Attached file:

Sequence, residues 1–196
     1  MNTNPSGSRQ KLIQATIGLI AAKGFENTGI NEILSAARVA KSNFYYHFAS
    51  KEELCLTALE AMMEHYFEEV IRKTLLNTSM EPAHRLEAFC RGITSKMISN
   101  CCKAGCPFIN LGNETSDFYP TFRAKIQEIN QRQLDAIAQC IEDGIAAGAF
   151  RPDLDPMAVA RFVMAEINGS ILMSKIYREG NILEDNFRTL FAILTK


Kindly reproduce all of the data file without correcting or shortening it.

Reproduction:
Sequence, residues 1–196
     1  MNTNPSGSRQ KLIQATIGLI AAKGFENTGI NEILSAARVA KSNFYYHFAS
    51  KEELCLTALE AMMEHYFEEV IRKTLLNTSM EPAHRLEAFC RGITSKMISN
   101  CCKAGCPFIN LGNETSDFYP TFRAKIQEIN QRQLDAIAQC IEDGIAAGAF
   151  RPDLDPMAVA RFVMAEINGS ILMSKIYREG NILEDNFRTL FAILTK